Although there’s a revealer, today’s theme is a smidge more oblique than usual for a Monday. The revealer at 57A [Inflatable river float, or what the answers to 16-, 23-, 35-, and 46-Across have] is INNER TUBE. That’s TUBE in its “television” sense, as the theme entries are each phrases that have T at the end of one word and V as the first letter of the next word, such that there’s an “INNER” TV, or TUBE:

  • 16A [TikTok posts by some pet owners] is CAT VIDEOS.
  • 23A [Tart sprinkle for fish and chips] is MALT VINEGAR. “Sprinkle” had me thinking of a powdered seasoning and made me want to have SALT at the beginning for a while.
  • 35A [Appraiser’s determination] is FAIR MARKET VALUE, with the TV in the second and third words of the phrase here.
  • 46A [Ability to see in low light] is NIGHT VISION.

These are nice evocative theme entries, so I’ll forgive the fact that the V in VIDEOS and VISION comes from the same root as the V in TV (in fact, with NIGHT VISION and TELEVISION, it’s even the same word, not just the same root). I also liked the longer nontheme entries like SERVER FARMALTO FLUTE, and ART CRITIC.

Spencer Leach’s Universal crossword, “Mixed Drinks” — pannonica’s write-up

Universal • 12/4/23 • Mon • Leach • “Mixed Drinks” • solution • 20231204

Two items are anagrammed together to generate the theme answers.

  • 17a. [“Brooklyn Nine-Nine,” e.g. (paloma + cider)] POLICE DRAMA.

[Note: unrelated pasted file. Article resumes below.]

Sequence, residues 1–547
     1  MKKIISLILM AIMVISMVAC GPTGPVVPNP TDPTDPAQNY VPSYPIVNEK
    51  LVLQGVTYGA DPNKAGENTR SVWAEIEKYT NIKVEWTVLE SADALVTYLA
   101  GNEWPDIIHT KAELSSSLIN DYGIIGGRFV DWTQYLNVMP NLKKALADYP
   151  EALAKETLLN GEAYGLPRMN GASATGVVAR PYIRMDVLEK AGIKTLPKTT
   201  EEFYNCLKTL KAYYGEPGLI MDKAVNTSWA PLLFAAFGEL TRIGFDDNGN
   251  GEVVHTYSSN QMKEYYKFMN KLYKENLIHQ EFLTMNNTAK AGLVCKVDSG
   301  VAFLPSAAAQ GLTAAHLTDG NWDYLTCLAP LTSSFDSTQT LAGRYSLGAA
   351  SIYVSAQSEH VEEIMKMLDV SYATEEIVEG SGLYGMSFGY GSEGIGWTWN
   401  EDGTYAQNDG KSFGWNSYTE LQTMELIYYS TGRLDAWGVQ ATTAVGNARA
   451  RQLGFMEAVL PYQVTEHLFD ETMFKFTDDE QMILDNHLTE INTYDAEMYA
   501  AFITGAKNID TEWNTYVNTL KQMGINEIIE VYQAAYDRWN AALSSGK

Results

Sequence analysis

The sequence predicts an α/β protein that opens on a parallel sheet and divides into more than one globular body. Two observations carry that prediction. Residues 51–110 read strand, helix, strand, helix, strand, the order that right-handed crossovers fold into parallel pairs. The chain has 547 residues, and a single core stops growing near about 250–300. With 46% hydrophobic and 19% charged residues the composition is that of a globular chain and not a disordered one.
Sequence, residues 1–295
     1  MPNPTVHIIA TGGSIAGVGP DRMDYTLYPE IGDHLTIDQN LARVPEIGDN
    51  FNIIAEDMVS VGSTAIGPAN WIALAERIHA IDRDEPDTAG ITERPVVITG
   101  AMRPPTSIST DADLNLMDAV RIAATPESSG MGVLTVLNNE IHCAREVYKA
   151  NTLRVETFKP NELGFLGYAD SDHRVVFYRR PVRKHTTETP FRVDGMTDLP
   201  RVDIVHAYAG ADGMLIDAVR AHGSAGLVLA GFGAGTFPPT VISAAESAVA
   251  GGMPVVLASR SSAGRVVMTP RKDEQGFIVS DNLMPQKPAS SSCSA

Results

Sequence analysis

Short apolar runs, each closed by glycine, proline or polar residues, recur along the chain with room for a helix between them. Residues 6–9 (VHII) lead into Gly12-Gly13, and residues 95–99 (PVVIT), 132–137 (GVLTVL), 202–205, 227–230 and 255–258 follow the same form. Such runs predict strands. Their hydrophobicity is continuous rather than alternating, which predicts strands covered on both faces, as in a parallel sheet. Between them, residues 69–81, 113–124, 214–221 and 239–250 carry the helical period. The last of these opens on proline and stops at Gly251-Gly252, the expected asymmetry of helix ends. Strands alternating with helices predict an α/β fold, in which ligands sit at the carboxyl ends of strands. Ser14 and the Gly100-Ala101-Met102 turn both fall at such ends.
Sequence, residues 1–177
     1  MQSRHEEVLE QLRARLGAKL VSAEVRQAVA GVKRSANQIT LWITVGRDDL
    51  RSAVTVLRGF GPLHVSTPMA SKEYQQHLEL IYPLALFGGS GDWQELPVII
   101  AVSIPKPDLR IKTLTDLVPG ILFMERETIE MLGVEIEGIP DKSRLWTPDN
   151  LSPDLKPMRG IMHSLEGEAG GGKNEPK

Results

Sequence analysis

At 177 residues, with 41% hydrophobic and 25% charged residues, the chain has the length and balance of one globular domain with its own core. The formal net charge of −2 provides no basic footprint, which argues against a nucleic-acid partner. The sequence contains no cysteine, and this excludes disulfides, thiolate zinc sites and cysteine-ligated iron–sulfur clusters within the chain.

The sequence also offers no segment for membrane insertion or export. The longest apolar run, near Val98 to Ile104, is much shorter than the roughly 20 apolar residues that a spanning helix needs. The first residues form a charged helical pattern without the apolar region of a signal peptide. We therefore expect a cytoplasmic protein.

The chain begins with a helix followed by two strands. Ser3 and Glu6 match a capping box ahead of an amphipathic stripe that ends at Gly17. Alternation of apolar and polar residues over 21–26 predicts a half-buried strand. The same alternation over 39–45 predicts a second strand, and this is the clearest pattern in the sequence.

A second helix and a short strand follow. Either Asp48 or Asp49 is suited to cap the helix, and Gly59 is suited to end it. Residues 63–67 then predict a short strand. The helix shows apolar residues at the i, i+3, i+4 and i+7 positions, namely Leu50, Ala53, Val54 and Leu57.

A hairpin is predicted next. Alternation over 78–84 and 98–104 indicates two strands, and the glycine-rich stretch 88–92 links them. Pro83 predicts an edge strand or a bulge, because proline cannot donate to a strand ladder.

• 25a. [Like burnt cookies (vodka + beer)] OVERBAKED.
  • 36a. [Green-eyed (ale + soju)] JEALOUS.
  • 48a. [Veteran (gin + merlot)] LONG-TIMER.
  • 55a. [Throws cash in the air (sake + martini)] MAKES IT RAIN.

I like the concept, but the inclusion of two already-mixed cocktails (paloma, martini) gives me pause. Also, friendly advice: I do not recommended any of these be recreated in real life; marginal exception is that there is a saketini cocktail, but in that sake replaces gin.

Because it’s an easy crossword and I was more or less speed-solving, I ignored the anagram aspect and thus the theme as a whole.

  • 7d [Word on all U.S. coins] GOD. An artifact of the Red Scare in the 1950s that has unfortunately lingered.
  • 12d [Deeply unsettling mem, perhaps] CURSED IMAGE. Too real. The few times I’ve invoked it, I use an accent mark: CURSÉD IMAGE.
  • 23d [Trying to succeed in hip-hop, say] ON THE COME-UP. New to me. Fortunately this was automagically filled in via crossings.
  • 24d [What kindergartners use their elbows for?] MACARONI ART. Nailed this one with only the M in place. Similarly, the proceedings started off with a bang as I was immediately wise to 1a [One getting hammered on a camping trip?] TENT PEG.
  • 53d [Jazz singer Simone] NINA. Also a hell of a piano player.
  • 56d [Woodcutting tool] SAW. Such is the extent of my solving habits that I considered both ADZ and AXE prior.
  • 23a [Black cat, to some] OMEN. So pervasive is the superstition that black cats in significant numbers are adopted less frequently and euthanized more often. So if you plan to adopt a cat, please consider a melanistic meow-meow.
  • 29a [TSA requirement, starting in 2025] REAL ID. Note to self: renew driver’s license as a REAL ID. Been putting it off too long!
  • 53a [Asset on a blockchain, for short] NFT. “Asset.” Are we collectively over these scams yet?

Anna Shechtman’s New Yorker crossword—Amy’s recap

New Yorker crossword solution, 12/4/23 – Shechtman

Roughly the expected Monday TNY level of challenge.